The findings of this study help to better understand the promotion of the enlargement or extension of the pores in the oxide film formed on the specimens corroded in lithiated water, as suggested by Cox et al. [1,2,3], and also the Li ions could modify the characteristics of the inner barrier layer of the oxide film to prompt the disappearance of the dense barrier layer, proposed by Pêcheur et al. [7,8], can also be better understood in light of such a pattern of Li ion distribution in oxide.

4. Summary

The distribution of Li ions in the oxide film formed on the Zircaloy-4 specimen, which was corroded in lithiated water with 0.01 M LiOH at 633 K/18.6 MPa for 70 d exposure was investigated by TEM, SIMS and APT methods. The results showed that the Li ions segregated in the grain boundaries and subgrain boundaries of the oxide rather than as a uniform distribution in the oxide film, but nearly no Li ions were detected at or around the O/M interface of the specimen. It was suggested that the degradation mechanism for the corrosion resistance of the Zircaloy-4 specimens corroded in lithiated water was attributed to the promotion of the formation of pores and microcracks along the oxide grain boundaries and subgrain boundaries, due to the segregation of Li ions there.

Author Contributions

S.X.: data curation, investigation, writing-original draft & review & editing, literature search, study design, data collection, data interpretation; B.Z.: writing-review & editing, study design, data analysis, data interpretation; X.L.: data curation, data collection, data analysis, data interpretation; Q.L.: funding acquisition, data collection; W.L.: data collection, data analysis, data interpretation; M.Y.: funding acquisition, project administration, data analysis, data interpretation; J.Z.: investigation. All authors have read and agreed to the published version of the manuscript.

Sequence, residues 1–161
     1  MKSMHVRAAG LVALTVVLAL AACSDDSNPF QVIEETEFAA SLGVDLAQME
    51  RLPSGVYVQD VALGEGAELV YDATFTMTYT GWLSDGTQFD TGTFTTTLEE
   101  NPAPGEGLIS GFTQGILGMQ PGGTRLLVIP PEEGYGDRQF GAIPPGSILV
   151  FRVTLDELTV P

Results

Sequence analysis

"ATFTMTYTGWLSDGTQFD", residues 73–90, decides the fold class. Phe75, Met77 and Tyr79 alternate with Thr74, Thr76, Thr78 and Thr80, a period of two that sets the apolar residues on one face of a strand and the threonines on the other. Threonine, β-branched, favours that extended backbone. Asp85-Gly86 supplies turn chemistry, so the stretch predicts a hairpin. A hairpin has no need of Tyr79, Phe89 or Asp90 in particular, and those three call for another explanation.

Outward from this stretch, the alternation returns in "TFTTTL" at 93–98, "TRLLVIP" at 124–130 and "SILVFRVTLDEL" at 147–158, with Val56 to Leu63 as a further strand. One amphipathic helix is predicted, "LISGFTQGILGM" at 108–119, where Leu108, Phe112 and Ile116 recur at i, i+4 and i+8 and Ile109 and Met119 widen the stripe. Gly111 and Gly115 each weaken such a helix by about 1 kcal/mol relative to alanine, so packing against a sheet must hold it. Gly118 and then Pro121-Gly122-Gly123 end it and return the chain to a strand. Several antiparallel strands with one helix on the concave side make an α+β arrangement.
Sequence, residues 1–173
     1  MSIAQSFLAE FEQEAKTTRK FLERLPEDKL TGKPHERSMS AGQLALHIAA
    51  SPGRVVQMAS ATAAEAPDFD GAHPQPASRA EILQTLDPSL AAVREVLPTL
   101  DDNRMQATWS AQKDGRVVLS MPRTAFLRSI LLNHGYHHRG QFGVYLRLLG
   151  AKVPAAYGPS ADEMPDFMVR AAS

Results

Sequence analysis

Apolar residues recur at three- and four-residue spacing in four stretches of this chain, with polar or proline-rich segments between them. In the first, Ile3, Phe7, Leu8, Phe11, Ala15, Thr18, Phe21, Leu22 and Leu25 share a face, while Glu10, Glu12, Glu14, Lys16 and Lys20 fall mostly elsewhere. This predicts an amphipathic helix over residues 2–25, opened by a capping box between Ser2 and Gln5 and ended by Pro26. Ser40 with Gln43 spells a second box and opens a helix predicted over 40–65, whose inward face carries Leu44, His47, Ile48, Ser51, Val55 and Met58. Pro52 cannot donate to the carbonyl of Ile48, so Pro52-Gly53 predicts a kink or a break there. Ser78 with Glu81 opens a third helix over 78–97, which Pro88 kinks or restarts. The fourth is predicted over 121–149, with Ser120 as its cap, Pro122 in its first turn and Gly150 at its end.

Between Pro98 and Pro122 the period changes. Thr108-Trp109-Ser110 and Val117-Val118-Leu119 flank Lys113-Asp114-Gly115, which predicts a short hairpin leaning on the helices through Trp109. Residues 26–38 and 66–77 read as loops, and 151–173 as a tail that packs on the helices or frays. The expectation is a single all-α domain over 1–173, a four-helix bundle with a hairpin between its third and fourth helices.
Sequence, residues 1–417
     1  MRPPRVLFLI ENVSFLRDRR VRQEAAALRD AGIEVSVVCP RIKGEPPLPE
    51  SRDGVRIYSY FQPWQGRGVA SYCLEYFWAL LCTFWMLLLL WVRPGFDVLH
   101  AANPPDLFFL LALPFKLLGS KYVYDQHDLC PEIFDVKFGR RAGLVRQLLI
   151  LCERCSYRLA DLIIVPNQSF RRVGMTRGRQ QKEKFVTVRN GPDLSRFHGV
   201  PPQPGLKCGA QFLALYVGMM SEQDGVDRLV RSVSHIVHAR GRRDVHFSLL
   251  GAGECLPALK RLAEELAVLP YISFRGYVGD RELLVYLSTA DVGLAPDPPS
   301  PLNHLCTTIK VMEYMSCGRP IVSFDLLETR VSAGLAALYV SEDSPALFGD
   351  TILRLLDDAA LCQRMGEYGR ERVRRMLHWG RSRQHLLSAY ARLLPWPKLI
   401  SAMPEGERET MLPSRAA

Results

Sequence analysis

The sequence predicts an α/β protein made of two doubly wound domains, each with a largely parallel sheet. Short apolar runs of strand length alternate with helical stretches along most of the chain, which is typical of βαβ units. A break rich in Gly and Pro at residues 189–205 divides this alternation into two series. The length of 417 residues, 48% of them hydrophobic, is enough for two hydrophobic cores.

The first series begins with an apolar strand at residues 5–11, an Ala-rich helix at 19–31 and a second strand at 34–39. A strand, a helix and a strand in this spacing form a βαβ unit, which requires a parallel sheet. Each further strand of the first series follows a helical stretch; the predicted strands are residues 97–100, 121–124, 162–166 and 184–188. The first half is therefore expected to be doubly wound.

Funding

National Natural Science Foundation of China (51471102 and 51271104).

Acknowledgments

The authors would like to express their appreciation to Mr. Sun Guocheng and Mr. Chen Chuanming for their help in the corrosion tests. This project was supported by the National Natural Science Foundation of China (51471102 and 51271104).

Conflicts of Interest

The authors declare no conflict of interest.

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Figure 1. Weight gain versus exposure time for the Zircaloy-4 specimens corroded in lithiated water with 0.01 M LiOH and deionized water at 633 K/18.6 MPa.
Figure 1. Weight gain versus exposure time for the Zircaloy-4 specimens corroded in lithiated water with 0.01 M LiOH and deionized water at 633 K/18.6 MPa.
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Figure 2. A high-angle annular dark-field (HAADF) image (a) and dark-field image (b) of the cross-section of the oxide film formed on the SN surface of Zircaloy-4 corroded in lithiated water for 70 d.
Figure 2. A high-angle annular dark-field (HAADF) image (a) and dark-field image (b) of the cross-section of the oxide film formed on the SN surface of Zircaloy-4 corroded in lithiated water for 70 d.
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Figure 3. The distribution of Li+ across the thickness of oxide film formed on the SN surface of the Zircaloy-4 specimen after corroding in lithiated water with 0.01 M LiOH at 633 K/18.6 MPa for 70 d.
Figure 3. The distribution of Li+ across the thickness of oxide film formed on the SN surface of the Zircaloy-4 specimen after corroding in lithiated water with 0.01 M LiOH at 633 K/18.6 MPa for 70 d.
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Figure 4. The distributions of ZrO2 (red), Fe (blue), Li (black) and Sn (green) in the needle-shaped specimen prepared in the oxide formed on the SN surface of the Zircaloy-4 specimen corroded in lithiated water with 0.01 M LiOH at 633 K/18.6 MPa for 70 d exposure. The distance of the needle-shaped specimen tip apart from the O/M interface was about 1 μm. The size of the maps showing the atom distribution was 100 × 98 × 202 nm3. The analysis cylinder (10 nm in diameter) is signed in the graph, and the arrow indicates the analysis direction for Figure 5.